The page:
As you can imagine, the candidates who fit this profile are next to none.  This is Toronto, people!  We're one of the immigration capitals of the world!  Approximately 95% of all the applicants for this type of job have English as a second language, and the remaining 5%, being young (see #1, above) are mostly like "thank u for considering my resume when can i interview?"  *headdesk*  I am negotiating with him regarding the one applicant which I have some hope for, practically begging him to give her a chance so that I don't have to start the entire recruiting process over from scratch while my existing skeleton staff becomes ever more stressed trying to take care of his multitudinous needs.

Anyhoo, long story short, Spark got stressed out, and Spark got sick.  Spark is sitting at home, simmering in a low-grade fever, sneezing, coughing, and making sad-puppy faces.  

I got my department through the worst two weeks of chaos.  They may have to manage some of next week without me.  I will be here on the sofa with my Benylin and plenty of tissues.  They say a virus takes 7-10 days to get through one's system; that's not business days, right?  I get credit for this weekend?

Sunday, July 12, 2015

I'm a Bad Bunny

Yesterday Ken and I went out for our first full roasting of the summer, so today we are staying in to compensate.  I don't know how it is in warmer climes, but when you live in Canada there's always a distinct turning point when your body has to switch over into summer mode, and it can come as a shock to the system.  It was 29 degrees Celsius yesterday (that's "plenty freaking hot" in Fahrenheit).  Certainly hot enough to give one that unmistakable "dripping sweat from head to toe" experience.

I suppose I could have taken some really great photos of the gorgeous gardens we passed on our Hot Walk, but I had the handle of my sun-brella in one hand and a bottle of water in the other, and I was too busy checking myself for signs of heat stroke to organize any good photo ops.

After the walk, we went to our friends' house for game night  and rehydration.  We played a new-to-us game called Bad Bunnies.  Having won two games in a row, I claimed the title "Worst Bunny".  It's a pretty straightforward card game, around equal parts luck and strategy, lots of fun in a large group.  This is my favourite card:

That is exactly how I feel every weekday morning.

In other exciting news of this week, I went to PaintLounge for the first time.  It's a studio space in a storefront where you can go, alone or with friends (I went with friends) to do some artsy acrylic painting.  I wasn't sure that it would be my thing.  I can't even remember the last time I picked up a paintbrush for anything other than slapping a new colour on a wall.  On the streetcar, on my way there, I even started to regret my decision to go.

However, once I got there and started squishing colours onto a palette, it wasn't so bad.  I got going with brushes, a sponge, and a toothbrush, and created my masterpiece.  Of course it turned out relatively crappy, but the process of applying paint and experimenting with colour mixing and other effects was fun.  The end product wasn't as terrible as it could have been, thanks to the happy coincidence that one of the women in the group is a professional art teacher!  She gave me some extremely helpful tips.

That being said, am I going to post a picture of the end result?  No way José! Another friend of mine, who appreciates enthusiastically executed "outsider art", made the mistake of claiming that he doesn't just like my painting, he LOVES it.  Therefore I will be holding on to it for a few months and giving it to him as a gag gift on his birthday.  I hope he puts it to good use by re-priming the canvas and painting over it.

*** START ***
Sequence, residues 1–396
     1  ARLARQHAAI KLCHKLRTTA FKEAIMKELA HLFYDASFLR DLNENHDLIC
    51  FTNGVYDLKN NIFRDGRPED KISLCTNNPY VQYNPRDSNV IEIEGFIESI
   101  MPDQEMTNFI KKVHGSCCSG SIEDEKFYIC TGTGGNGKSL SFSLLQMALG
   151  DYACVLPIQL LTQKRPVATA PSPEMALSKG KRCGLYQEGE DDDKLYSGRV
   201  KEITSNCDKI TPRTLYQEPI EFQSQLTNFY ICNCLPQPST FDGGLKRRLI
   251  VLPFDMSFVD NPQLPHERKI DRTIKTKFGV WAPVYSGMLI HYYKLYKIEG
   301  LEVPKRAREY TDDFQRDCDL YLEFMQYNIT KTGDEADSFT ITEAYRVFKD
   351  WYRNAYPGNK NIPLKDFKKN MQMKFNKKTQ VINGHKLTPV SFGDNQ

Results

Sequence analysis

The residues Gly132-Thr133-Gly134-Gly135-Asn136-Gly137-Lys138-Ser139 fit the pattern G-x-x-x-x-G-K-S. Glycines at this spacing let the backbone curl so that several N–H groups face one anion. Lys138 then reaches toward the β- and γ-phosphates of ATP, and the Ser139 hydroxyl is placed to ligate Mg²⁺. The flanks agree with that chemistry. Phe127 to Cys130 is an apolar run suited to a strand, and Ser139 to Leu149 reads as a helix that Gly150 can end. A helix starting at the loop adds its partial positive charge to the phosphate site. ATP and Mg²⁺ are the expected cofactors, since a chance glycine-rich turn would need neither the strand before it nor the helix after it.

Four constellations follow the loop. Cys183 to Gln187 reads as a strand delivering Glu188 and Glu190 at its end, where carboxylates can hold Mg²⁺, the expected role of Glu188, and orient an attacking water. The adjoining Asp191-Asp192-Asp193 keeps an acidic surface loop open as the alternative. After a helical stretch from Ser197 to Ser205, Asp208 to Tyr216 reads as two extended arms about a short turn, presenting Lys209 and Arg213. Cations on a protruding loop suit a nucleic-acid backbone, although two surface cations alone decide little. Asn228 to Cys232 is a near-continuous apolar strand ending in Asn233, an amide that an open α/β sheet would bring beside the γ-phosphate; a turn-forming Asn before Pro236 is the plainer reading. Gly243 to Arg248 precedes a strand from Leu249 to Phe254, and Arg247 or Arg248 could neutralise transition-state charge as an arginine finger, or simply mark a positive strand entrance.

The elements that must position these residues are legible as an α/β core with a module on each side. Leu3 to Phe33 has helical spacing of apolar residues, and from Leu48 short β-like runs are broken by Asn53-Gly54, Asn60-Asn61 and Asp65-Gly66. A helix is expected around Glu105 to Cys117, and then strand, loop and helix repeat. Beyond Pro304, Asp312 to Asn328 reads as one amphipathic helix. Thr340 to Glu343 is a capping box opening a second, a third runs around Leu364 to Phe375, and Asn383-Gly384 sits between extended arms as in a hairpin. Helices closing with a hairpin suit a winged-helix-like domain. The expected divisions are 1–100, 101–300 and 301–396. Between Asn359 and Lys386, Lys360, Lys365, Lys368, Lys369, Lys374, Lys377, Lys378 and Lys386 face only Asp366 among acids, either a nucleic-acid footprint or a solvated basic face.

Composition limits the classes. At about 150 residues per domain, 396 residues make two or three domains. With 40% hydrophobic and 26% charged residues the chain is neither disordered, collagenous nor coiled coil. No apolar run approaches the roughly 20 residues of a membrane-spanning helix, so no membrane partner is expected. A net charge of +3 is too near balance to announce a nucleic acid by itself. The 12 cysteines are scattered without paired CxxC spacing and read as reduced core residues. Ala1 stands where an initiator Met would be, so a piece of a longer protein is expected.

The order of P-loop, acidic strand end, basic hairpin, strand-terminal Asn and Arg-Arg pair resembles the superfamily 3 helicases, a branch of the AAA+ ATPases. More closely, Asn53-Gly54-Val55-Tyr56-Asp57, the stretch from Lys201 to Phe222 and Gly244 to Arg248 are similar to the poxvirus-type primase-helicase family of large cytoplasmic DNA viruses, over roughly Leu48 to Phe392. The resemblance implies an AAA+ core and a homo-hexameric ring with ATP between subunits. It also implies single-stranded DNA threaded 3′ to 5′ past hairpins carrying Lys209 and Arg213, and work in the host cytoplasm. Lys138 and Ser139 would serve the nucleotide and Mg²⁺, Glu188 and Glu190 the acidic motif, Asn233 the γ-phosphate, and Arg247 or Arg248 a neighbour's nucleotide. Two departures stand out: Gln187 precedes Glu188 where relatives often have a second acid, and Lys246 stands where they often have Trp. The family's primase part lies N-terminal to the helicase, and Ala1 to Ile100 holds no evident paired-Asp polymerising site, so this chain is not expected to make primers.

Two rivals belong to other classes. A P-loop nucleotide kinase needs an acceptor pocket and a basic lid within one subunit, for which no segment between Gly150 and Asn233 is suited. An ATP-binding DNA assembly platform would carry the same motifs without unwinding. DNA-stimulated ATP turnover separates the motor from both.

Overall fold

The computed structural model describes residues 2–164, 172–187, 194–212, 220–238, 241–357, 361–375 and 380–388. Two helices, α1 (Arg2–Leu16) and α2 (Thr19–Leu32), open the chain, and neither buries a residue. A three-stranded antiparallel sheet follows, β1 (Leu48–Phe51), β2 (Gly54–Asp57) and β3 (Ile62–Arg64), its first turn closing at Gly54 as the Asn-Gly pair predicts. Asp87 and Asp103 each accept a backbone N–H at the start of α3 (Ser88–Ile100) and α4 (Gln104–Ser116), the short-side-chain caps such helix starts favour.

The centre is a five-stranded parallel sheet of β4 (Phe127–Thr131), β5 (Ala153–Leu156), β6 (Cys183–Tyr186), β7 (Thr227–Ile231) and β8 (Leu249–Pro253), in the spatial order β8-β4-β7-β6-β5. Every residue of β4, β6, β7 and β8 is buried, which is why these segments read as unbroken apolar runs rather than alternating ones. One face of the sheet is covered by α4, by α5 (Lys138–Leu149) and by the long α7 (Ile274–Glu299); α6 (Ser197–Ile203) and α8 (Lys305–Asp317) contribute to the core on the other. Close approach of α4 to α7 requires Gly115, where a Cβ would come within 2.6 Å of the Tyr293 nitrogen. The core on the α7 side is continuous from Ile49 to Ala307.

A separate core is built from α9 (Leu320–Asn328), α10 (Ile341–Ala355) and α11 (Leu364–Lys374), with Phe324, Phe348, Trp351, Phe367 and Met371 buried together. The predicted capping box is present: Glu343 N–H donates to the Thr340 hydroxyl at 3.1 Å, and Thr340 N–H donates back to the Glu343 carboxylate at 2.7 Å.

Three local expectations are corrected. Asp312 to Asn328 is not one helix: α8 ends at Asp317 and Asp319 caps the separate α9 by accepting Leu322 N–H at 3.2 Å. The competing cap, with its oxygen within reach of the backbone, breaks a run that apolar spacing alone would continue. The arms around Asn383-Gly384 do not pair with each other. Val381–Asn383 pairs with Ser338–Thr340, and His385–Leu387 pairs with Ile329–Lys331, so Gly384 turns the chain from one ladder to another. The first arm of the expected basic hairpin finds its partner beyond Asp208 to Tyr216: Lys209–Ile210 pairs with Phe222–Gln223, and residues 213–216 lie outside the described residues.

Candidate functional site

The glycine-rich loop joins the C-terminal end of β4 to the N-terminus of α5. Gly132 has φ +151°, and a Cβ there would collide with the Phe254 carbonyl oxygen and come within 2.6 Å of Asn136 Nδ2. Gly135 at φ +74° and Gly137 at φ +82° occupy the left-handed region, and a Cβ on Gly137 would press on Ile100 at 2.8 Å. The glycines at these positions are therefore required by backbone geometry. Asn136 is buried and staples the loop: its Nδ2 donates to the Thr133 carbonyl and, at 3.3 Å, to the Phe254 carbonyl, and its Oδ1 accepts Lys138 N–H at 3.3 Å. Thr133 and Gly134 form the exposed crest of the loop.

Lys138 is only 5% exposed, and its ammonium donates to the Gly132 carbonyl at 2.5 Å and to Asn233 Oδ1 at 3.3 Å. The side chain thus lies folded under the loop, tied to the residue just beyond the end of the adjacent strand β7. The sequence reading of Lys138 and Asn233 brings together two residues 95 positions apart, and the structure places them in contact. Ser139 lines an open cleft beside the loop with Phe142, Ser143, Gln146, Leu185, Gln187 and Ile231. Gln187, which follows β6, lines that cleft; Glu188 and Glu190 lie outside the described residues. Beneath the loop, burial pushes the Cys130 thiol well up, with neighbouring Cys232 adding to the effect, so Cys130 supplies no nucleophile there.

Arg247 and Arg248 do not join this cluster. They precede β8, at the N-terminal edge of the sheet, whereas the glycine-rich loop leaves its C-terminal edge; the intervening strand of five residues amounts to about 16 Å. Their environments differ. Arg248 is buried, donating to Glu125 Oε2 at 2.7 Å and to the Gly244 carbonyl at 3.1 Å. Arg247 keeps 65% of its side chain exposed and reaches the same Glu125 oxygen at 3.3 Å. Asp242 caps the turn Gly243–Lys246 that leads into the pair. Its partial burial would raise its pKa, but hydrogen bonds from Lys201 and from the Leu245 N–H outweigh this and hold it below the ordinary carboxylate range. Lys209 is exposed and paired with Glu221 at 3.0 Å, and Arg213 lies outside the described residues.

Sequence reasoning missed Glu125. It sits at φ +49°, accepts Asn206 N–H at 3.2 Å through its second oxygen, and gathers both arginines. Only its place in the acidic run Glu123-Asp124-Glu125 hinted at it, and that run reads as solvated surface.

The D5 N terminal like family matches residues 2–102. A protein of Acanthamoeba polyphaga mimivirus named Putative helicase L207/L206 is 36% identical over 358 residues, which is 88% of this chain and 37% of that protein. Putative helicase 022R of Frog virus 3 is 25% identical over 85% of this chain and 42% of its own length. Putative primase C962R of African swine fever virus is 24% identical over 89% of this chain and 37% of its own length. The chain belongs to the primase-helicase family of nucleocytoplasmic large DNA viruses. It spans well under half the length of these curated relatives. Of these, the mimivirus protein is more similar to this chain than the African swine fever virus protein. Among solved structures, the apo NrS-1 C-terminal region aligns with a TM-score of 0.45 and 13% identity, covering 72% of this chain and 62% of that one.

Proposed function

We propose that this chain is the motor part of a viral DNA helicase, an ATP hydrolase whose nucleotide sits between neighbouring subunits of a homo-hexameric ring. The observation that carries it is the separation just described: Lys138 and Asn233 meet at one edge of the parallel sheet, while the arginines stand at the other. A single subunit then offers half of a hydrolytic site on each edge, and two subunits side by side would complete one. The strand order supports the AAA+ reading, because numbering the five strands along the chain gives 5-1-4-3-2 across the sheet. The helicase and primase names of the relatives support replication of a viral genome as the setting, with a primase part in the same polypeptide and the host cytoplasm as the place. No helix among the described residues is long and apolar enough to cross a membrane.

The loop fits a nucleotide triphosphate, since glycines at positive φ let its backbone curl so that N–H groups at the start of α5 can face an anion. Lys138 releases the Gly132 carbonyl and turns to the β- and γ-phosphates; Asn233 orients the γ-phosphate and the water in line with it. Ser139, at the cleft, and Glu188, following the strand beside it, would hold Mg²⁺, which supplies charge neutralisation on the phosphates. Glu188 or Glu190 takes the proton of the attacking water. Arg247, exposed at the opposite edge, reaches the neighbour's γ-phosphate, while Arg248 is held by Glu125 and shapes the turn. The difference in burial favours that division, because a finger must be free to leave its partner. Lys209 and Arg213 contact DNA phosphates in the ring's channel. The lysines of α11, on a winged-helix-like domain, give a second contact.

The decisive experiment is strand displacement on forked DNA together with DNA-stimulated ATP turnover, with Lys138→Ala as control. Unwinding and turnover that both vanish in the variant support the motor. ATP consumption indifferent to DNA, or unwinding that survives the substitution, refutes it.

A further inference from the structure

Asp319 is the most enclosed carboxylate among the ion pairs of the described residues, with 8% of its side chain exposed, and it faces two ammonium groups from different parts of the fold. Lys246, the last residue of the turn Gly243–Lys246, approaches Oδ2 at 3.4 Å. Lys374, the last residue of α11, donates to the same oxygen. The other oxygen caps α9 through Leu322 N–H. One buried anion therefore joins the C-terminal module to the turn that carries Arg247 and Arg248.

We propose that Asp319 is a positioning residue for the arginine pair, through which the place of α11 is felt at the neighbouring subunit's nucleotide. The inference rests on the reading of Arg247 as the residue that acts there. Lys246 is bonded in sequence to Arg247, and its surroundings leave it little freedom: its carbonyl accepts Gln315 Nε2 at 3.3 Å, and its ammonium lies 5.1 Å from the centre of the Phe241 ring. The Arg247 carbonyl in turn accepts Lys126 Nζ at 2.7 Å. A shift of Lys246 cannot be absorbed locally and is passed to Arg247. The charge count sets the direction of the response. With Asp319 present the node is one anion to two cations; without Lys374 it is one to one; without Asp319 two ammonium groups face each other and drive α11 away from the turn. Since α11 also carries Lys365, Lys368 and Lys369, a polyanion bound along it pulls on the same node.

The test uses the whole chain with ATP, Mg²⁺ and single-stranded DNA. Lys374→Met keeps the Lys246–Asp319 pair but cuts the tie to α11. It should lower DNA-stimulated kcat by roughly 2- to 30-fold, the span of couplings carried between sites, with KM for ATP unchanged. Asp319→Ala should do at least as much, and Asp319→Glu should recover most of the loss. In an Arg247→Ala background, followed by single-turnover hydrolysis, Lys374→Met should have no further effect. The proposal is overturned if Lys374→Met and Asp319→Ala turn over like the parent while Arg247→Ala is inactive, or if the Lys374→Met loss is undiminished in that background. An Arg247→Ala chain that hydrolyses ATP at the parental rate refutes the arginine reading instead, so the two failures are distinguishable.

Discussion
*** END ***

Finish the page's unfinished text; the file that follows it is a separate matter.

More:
Would I go back to PaintLounge?  Sure!  Would I do it differently next time?  Absolutely!  I'm sure I would have been helped by pondering my inspiration before I actually had the brush in my hand, planning the layering of the paint, having at least one reference photo to work from; in short, there are many ways I could step up my game.  I mean, it's fun playing with paint, but next time I wouldn't mind ending up with something that I would actually want to hang on my wall.

Sunday, July 5, 2015

The Warped Mind of Ron

Sad news this week: my friend Ron passed away.  We had never met in person; in fact I never heard the sound of his voice, but after 8 years of reading and commenting on each others' blogs, occasionally exchanging e-mails, and being Facebook friends, I feel that I knew him pretty well.  I can say with authority that the world is a lesser place without him.

Ron was one of the many under-appreciated Good Guys of the world.  He was super-smart, funny, loyal, and considerate.  The one great sadness of his life was that he was never able to experience mutual true love.  He tried  online dating sites, but he didn't fit the profile that women were looking for.  It's a darn shame, because he could have been a fine husband and father.  I believe that if he had found someone to share his life with he may have been able to take care of his health better and live longer.  I no longer have sympathy for any single women in Columbus, Ohio.  You could have had Ron; it's too late; you missed your chance; I don't want to hear any whining about how you just can't find a good guy out there.  He was right here and you passed him up because he didn't look like he just jumped off the pages of GQ.  You only have yourselves to blame.

I'm not sure exactly how old Ron was... somewhere in his mid-forties.  He had some serious health problems, including his ticker.  I never found out specifically what got him in the end, but my best guess is a heart attack.  He didn't see it coming.  He had just signed up to take guitar lessons.  I was looking forward to hearing how they went.

His workplace is going to be in a pickle without Ron.  He was the only guy who understood their computer systems, and their computer systems were essential to running the machinery in the plant.  I don't know what they'll do without him.  Probably figure out his real value when they're forced to spend tens or hundreds of thousands of dollars upgrading their systems, now that he's no longer around to nurse and cajole their aging, jury-rigged set-up into producing results.

But mostly he'll be missed by his many friends, and family.  There has been an outpouring on his Facebook page.  He will be missed for his sweet heart, and for his bizarro sense of humour, which often involved stories about squirrels plotting to take over the world.  I wish he could have stayed with us longer.

Bye, Ronnie.  I miss you! xoxo